2012 Mazda6 GT-V6 Road Test Review

23 Feb 2015 | Author: | Comments Off on 2012 Mazda6 GT-V6 Road Test Review

2012 Mazda6 GT-V6 Road Test Review

A good-looking family sedan with a uniquely sporty character

Introduced in 2002 as the replacement for the Mazda 626 (a.k.a. the Mazda Cronos), the Mazda6 quickly established itself as a bit of an enthusiast driver’s family car, a reputation that was bolstered in 2006 with the introduction of the high-performance, all-wheel drive Mazdaspeed6.

A second generation Mazda6 was introduced in Europe for 2008, but North Americans got a different car in 2009, a widened and lengthened version of the car sold elsewhere in the world. It meant the loss of some of the original car’s sporty edge, but it also meant that it now measured up in terms of size against its chief rivals such as the Toyota Camry and Honda Accord (which itself is sold in different-sized versions for world markets and North American markets).

The 2010 and 2011 model years saw various minor revisions and improvements to the Mazda6, but with the next redesign expected for 2013, the 2012 model carries over unchanged from 2011 save for some paint colour choices. Despite the compromises made in order to appeal to a broader range of North American consumers, the Mazda6 still remains a bit of an enthusiast driver’s family car.

It has a sportier look and feel than the Accord, Camry or even the Ford Fusion, with which the Mazda6 shares its platform. I was given a crimson red GT-V6 to try out for a week, and it left me wondering, Why don’t we see more of these cars on the road?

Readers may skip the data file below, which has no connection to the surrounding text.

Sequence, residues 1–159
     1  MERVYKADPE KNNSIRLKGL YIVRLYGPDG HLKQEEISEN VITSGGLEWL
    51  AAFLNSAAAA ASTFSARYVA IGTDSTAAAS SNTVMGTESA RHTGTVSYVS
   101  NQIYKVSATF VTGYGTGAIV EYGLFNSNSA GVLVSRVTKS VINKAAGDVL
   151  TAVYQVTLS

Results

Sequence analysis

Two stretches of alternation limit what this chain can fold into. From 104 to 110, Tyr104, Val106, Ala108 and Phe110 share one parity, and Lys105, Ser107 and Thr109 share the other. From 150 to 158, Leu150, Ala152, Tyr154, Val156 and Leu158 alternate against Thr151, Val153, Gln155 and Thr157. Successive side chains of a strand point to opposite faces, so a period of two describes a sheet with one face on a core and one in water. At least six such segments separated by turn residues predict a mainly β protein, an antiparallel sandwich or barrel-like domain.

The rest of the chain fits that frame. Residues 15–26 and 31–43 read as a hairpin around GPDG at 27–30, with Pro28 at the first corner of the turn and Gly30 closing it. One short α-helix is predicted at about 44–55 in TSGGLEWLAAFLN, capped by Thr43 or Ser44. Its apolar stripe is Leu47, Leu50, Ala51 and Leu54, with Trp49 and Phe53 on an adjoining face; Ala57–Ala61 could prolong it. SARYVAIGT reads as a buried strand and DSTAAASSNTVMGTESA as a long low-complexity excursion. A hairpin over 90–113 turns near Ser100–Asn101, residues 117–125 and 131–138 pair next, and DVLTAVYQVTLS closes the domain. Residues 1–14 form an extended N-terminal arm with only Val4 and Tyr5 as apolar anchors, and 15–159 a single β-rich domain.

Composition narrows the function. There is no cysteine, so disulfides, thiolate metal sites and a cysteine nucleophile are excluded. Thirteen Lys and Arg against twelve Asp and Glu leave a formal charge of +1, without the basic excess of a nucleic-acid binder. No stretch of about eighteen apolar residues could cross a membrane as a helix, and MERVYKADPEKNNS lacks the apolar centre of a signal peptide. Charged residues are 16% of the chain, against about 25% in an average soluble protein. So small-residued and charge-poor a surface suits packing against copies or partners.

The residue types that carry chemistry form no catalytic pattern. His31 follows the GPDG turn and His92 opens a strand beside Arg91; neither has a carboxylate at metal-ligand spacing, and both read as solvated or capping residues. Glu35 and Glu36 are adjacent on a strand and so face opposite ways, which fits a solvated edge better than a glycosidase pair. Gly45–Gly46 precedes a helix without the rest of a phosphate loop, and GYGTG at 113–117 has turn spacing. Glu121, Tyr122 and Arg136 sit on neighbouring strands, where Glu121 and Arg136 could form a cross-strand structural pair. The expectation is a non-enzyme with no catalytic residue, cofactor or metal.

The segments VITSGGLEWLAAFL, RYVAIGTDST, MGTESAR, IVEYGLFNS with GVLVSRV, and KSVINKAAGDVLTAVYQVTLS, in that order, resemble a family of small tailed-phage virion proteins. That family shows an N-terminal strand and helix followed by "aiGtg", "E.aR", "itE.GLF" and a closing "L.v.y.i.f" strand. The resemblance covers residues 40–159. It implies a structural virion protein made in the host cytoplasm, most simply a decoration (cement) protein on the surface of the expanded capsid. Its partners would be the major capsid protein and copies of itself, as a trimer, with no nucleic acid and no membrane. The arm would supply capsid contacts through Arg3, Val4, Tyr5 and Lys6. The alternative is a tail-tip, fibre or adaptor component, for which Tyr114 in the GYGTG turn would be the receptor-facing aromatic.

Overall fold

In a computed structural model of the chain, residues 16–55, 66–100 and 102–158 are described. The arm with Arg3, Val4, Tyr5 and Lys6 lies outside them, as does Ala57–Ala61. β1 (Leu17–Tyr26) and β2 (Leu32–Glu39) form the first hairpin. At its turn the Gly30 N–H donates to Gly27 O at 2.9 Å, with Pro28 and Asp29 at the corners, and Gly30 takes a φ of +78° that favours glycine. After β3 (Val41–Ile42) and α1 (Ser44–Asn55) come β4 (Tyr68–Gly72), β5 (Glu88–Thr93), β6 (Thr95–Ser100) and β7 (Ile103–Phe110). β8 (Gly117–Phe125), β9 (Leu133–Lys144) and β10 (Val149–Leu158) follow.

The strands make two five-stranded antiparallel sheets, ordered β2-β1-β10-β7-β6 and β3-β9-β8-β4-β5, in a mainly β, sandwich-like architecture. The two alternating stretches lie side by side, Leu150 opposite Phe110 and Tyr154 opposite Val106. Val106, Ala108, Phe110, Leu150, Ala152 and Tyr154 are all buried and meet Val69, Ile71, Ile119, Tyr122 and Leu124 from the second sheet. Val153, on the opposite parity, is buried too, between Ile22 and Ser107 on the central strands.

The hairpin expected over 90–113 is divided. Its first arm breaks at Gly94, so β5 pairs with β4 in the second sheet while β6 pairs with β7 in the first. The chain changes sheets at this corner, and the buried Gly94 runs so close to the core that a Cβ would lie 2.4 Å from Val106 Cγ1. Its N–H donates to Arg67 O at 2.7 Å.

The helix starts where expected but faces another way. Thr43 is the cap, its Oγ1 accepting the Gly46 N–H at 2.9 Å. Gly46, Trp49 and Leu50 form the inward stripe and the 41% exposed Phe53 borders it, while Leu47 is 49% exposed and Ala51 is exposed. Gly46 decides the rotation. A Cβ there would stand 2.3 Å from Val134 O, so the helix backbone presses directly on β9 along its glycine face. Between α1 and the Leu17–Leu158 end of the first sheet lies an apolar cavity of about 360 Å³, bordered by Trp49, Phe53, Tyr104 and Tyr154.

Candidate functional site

Certainly the Mazda6 has the looks of a winner: perfectly proportioned, it has a sweeping, coupe-like profile, curvaceously bulging fenders and a front end that manages to capture Mazda’s smiling look without becoming a caricature. A couple of short years ago it would have been easy to describe the Mazda6 as the best-looking midsize family sedan on the market, and while the new Korean contenders (the Hyundai Sonata and the Kia Optima) have now made the choice far less obvious, the Mazda still remains a serious contender for the style podium.

Mechanically, the Mazda6 is available with either a 2.5-litre inline 4-cylinder engine that develops 170 horsepower and 167 lb-ft of torque, or a 3.7-litre V6 that develops a healthy 272 horsepower and 269 lb-ft of torque. The 4-cylinder is available with either a 6-speed manual or a 5-speed automatic transmission, while the 6-cylinder comes with a 6-speed automatic.